The Foraker Act, officially known as the Organic act of 1900 was signed into law on April 2, 1900 by U.S. President McKinley. This law was called the Foraker Act because of the bills’ sponsor (Joseph Benson Foraker) a statesman from Ohio. This new law established civilian government on the island of Puerto Rico, which had been acquired by the United States after the Spanish-American War.
The new government had a governor and an executive council appointed by the President of the United States, a House of Representatives with 35 elected members, a judicial system with a Supreme Court and a U.S. District Court, and a non-voting commissioner in Congress. The Executive Council was all appointed. 5 were selected from island residents and the rest were from the President’s top cabinet positions. The Insular Supreme Court was also appointed. All Federal laws of the United states were to be in effect on the island. The first governor of the island under the Foraker Act was Charles H. Allen, inaugurated on May 1, 1900 in San Juan, Puerto Rico.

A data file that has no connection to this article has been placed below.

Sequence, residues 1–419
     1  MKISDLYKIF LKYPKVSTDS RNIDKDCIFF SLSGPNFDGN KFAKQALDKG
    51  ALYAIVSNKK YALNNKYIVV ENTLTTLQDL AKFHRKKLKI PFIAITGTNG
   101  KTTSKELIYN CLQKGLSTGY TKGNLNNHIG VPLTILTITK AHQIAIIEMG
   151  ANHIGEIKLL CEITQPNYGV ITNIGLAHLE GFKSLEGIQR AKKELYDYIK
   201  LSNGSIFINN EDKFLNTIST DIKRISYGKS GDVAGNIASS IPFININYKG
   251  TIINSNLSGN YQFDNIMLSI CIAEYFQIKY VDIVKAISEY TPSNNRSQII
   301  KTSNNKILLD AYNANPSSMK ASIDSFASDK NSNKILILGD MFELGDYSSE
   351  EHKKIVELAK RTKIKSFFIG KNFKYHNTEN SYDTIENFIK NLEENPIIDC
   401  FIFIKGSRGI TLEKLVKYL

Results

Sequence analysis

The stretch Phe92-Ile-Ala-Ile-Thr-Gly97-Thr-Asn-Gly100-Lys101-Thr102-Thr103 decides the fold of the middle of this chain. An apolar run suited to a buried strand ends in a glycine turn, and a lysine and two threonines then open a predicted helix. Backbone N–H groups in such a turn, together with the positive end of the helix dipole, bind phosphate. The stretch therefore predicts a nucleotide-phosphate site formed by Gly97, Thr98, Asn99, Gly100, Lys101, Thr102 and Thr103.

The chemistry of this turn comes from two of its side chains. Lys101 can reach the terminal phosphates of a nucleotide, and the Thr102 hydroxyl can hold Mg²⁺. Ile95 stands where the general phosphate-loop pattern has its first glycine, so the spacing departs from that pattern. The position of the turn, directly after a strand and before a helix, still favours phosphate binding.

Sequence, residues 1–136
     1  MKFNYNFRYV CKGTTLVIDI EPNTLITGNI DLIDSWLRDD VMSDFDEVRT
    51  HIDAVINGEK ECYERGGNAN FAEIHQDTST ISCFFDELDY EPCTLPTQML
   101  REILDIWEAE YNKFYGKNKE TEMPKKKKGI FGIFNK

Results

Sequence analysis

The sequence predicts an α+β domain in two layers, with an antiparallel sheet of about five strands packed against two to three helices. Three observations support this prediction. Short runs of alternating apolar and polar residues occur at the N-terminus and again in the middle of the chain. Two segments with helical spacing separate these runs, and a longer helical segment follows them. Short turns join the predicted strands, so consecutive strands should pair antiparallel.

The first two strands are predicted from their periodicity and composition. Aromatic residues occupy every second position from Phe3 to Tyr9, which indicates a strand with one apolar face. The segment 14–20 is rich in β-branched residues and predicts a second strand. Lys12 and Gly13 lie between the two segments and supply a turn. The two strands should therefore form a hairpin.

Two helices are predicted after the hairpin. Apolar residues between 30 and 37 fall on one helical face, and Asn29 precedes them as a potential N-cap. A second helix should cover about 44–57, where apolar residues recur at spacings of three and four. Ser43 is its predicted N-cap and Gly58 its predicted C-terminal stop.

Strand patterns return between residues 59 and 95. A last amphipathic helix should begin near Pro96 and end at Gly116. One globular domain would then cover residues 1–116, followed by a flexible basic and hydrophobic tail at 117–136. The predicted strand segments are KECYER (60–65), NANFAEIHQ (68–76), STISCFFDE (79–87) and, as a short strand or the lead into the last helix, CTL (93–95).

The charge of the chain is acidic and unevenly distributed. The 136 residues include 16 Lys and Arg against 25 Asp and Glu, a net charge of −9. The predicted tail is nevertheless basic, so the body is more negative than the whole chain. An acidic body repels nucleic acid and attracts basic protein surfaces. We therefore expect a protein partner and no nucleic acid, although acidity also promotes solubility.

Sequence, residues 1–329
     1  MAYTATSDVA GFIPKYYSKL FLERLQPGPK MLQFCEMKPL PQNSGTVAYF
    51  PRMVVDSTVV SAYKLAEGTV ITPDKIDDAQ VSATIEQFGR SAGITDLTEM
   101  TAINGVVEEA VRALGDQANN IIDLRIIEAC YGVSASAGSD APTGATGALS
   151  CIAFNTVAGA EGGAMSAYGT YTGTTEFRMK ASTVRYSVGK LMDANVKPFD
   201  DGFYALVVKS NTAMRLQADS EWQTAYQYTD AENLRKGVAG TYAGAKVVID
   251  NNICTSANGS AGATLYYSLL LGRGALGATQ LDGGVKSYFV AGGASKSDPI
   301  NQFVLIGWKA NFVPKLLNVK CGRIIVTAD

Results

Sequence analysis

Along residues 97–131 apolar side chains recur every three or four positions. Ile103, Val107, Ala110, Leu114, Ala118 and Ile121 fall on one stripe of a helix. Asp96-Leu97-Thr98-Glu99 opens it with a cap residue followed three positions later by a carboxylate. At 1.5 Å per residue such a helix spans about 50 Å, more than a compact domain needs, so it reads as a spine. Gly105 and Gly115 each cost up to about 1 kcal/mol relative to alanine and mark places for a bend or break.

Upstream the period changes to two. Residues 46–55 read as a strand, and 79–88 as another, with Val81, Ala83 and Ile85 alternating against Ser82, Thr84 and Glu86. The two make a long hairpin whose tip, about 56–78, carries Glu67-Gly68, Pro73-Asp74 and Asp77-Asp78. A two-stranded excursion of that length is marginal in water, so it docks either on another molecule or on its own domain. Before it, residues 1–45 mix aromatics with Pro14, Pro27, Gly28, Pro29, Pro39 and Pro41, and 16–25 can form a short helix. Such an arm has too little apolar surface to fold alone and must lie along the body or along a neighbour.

The restrictions on Puerto Rican autonomy caused unhappiness in many quarters and an independence movement developed. Adding to this pressure was the growth of a sugar industry that was dominated by outsiders. As more land was set aside for the cultivation of sugar, less land was available for other general agriculture. Puerto Ricans were forced to import many food products and the standard of living declined.
The Official Language Act (under the Foraker Act) was instituted which declared that in all insular governmental departments, courts, and public offices, English was to be regarded as co-official with Spanish, and when necessary, translations and interpretations from one language to the other would be made so that all parties could understand the proceedings.
This law was superseded in 1917 by the Jones-Shafroth Act. The Jones Act was passed by congress in 1917, creating territorial status for Puerto Rico and making its people citizens of the United States.